Apocrypha

Apocrypha

Apocrypha, 2017, Site-specific live performance featuring Nathan Cha

 Caryatids erected on top of the Crypt Gallery, London

Caryatids erected on top of the Crypt Gallery, London

The word ‘crypt’ derives from the Greek word crypto, meaning hidden or obscure. Apocrypha, which stems from the same Greek root, challenged the theme of the exhibition 'One That Holds Everything' by asking, ‘can one really hold everything’? Apocrypha suggests that there are always things which deviate from the norm that are kept marginalised and obscure. The performance shone a spotlight on the unrepresented, the hidden, the queer, making them visible to the eyes of the public.

At that stage there was no deny that my work is influenced by Ancient Greek Theatre: from using the Caryatid's chyton as the basis of the costume design, to referencing the masks worn during Ancient Greek Tragedies and Comedies by painting a white mask on the faces of the performers. The Crypt Gallery also provided the ideal backdrop for a dramatic spectacle to unfold in the eyes of the audience. Thus the chyton wearing performers became ghosts trapped within the walls of the Crypt.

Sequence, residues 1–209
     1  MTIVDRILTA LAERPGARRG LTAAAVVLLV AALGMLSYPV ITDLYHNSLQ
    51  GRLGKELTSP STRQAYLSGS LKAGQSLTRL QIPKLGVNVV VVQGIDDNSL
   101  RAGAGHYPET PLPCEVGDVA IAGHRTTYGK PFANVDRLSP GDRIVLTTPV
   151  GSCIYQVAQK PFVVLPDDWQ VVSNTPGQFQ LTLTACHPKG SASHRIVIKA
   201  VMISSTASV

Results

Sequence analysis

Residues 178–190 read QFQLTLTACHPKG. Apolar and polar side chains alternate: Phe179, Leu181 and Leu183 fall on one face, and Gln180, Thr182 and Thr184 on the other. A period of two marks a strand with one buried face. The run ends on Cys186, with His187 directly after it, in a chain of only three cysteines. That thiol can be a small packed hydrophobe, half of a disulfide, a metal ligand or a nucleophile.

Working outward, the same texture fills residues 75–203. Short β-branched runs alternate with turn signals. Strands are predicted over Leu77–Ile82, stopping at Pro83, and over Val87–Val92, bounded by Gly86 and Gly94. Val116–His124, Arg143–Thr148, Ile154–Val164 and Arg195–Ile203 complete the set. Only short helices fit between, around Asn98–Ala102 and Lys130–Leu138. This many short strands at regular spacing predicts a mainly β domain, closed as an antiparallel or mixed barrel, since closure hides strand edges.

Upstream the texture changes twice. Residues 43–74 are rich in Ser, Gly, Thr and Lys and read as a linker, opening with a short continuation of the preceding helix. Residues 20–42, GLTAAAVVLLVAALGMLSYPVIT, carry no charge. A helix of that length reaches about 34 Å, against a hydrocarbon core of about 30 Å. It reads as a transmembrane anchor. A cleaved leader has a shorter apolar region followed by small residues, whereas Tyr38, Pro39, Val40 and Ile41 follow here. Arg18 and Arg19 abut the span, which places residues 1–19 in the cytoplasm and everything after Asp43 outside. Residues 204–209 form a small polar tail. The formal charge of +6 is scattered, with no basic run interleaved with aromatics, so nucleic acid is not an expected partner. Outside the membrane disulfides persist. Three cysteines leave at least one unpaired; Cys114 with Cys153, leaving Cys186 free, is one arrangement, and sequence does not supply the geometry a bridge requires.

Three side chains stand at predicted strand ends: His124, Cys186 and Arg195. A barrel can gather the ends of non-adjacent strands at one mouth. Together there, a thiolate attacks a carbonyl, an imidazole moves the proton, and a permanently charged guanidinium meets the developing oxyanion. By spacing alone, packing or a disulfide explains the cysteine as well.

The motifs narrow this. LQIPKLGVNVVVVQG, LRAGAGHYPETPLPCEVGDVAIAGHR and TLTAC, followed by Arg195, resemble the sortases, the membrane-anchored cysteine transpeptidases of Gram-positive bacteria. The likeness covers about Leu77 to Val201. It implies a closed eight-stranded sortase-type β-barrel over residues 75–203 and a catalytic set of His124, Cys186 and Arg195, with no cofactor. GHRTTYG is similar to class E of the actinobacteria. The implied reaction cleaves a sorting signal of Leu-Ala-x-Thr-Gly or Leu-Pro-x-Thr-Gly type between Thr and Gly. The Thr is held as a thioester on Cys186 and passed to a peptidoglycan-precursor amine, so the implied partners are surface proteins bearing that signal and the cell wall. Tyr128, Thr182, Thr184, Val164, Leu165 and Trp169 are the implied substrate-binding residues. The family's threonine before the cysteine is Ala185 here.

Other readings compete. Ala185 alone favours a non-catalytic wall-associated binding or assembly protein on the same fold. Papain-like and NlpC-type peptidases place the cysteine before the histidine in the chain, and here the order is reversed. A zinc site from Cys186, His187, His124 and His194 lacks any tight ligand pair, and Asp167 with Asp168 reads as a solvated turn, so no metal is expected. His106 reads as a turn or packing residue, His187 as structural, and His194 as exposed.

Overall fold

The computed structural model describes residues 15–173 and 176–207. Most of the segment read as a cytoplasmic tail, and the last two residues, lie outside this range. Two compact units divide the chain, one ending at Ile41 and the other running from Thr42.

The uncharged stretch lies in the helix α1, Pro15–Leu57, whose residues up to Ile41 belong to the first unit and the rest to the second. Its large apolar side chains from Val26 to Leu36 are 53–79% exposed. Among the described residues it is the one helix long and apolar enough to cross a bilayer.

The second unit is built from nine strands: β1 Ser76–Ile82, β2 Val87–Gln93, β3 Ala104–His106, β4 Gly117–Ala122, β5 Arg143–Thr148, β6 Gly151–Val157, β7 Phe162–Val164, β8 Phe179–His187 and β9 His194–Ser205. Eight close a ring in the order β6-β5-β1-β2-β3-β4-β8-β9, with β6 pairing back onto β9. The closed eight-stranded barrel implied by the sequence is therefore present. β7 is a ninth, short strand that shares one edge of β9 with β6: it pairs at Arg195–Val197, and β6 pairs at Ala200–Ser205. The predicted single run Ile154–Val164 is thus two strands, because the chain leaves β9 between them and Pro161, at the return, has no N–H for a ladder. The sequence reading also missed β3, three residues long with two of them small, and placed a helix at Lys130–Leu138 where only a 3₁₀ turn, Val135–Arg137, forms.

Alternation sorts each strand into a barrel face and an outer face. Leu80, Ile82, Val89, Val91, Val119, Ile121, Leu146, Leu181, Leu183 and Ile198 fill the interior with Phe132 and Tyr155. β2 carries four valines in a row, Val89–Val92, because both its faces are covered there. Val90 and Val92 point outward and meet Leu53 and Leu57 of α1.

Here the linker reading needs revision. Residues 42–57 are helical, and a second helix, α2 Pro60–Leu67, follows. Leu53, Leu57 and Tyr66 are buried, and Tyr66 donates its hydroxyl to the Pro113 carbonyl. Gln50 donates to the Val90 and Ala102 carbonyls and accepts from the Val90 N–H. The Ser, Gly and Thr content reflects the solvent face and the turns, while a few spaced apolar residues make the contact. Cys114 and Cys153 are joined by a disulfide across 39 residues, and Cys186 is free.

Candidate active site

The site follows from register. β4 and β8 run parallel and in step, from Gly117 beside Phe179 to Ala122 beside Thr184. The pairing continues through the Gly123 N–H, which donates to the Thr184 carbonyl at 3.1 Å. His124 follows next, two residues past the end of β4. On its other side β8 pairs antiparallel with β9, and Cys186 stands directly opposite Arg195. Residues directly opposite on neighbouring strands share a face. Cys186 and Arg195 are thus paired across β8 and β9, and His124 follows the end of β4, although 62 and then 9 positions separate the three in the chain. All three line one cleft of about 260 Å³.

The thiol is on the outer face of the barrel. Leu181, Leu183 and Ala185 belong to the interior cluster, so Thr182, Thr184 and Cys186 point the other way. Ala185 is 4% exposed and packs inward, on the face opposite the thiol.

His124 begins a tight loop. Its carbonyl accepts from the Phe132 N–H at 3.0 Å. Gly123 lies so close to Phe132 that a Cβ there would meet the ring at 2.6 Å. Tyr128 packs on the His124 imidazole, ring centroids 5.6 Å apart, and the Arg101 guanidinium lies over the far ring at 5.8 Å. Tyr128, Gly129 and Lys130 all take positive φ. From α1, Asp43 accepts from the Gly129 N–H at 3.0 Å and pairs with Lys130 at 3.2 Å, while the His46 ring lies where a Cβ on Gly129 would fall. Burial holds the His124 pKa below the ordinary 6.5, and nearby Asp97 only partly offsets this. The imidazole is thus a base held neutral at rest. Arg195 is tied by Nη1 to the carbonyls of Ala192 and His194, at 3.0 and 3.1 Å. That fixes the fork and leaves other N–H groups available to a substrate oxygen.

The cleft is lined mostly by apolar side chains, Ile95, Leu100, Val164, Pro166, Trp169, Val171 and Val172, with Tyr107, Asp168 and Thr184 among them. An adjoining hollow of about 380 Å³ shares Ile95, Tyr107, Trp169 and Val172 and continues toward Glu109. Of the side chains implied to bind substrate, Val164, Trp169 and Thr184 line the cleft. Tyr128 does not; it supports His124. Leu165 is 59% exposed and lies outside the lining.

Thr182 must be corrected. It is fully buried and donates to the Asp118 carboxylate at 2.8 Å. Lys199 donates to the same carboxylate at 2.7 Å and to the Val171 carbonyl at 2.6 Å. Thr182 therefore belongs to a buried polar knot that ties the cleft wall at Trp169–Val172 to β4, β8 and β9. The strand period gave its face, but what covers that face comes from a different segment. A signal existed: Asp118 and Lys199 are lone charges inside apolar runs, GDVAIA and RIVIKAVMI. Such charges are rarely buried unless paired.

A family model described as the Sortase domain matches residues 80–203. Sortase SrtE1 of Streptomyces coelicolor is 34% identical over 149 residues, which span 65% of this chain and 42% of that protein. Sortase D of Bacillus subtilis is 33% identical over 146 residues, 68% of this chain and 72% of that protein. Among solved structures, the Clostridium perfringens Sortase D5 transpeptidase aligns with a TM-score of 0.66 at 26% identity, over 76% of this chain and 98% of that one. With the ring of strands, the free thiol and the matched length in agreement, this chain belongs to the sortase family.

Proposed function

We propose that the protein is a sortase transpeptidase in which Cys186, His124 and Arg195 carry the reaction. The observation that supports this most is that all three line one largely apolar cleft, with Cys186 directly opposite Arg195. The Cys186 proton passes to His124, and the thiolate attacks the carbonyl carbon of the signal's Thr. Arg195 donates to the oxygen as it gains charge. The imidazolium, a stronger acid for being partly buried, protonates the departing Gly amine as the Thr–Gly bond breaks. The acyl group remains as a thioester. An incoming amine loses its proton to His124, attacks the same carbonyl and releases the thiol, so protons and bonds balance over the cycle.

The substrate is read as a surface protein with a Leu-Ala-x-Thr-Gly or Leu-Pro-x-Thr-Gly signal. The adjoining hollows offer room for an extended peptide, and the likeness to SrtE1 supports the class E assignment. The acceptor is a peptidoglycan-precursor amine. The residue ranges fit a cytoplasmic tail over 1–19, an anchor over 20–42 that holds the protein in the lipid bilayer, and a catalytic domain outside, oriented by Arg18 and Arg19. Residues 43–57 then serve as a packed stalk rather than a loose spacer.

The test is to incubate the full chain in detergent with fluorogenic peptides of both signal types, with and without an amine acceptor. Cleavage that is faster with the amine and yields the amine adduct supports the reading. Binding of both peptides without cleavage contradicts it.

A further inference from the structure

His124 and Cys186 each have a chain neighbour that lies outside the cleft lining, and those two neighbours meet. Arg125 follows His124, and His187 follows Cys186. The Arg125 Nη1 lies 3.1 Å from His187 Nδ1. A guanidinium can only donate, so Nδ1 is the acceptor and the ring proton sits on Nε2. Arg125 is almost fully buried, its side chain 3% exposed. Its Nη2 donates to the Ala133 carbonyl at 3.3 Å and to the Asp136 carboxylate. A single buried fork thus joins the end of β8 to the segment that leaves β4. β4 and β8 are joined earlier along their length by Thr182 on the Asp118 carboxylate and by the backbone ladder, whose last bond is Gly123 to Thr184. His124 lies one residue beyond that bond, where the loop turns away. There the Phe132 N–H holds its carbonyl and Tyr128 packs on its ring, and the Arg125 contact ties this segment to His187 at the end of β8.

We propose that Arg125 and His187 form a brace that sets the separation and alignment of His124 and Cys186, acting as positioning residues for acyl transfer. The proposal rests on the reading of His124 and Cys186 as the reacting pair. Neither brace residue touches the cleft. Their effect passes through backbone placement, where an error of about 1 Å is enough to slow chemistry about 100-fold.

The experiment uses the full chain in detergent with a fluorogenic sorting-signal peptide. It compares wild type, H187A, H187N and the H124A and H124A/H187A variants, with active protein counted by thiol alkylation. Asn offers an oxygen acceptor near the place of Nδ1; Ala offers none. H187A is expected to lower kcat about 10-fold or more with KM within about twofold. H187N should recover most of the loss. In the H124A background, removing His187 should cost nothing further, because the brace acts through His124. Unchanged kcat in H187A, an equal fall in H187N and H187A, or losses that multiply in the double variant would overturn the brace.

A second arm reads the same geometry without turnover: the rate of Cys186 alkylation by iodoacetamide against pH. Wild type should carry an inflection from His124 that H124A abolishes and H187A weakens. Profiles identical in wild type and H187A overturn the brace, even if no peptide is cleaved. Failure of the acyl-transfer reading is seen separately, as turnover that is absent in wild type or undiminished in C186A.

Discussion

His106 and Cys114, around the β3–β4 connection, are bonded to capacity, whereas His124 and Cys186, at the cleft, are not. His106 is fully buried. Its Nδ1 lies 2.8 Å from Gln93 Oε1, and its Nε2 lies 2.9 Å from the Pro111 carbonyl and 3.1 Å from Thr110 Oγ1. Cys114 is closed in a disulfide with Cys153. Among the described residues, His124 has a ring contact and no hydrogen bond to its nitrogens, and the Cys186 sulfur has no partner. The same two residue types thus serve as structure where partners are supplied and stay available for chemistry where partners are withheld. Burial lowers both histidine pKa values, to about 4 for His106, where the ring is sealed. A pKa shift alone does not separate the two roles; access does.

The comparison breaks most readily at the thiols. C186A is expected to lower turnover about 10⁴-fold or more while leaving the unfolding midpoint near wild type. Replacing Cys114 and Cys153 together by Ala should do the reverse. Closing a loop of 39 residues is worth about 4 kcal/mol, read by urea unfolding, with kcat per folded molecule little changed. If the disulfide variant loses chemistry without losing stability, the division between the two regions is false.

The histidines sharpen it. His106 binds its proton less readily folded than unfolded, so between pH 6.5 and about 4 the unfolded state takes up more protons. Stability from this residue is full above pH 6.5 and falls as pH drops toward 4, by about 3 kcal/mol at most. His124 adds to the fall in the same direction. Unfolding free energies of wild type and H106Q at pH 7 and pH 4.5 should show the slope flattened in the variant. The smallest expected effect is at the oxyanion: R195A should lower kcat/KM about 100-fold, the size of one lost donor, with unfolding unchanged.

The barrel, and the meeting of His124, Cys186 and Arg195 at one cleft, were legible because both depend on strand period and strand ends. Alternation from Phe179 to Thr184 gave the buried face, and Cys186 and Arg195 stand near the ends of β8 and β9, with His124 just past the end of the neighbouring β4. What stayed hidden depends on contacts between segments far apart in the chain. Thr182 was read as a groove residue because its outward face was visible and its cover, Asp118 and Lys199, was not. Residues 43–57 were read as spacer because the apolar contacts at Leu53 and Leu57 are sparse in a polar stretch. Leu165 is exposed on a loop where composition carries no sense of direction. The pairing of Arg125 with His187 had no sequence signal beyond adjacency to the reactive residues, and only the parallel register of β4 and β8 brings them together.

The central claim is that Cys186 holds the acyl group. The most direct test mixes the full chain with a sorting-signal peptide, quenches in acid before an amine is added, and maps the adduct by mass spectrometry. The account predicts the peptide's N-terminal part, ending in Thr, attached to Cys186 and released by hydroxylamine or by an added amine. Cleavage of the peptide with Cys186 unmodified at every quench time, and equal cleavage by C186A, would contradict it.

This was another collaborative effort, involving the help of Austrian - born artist Nathan Cha, whom I had met whilst undertaking Jay Pather's Art & Performance course in Venice. Nathan and I share a passion for dance and body movement - which we explored together via collaborating in Venice. Our collaboration sparked the idea of moving slow whilst ignoring the audience - which formed the basis of Apocrypha.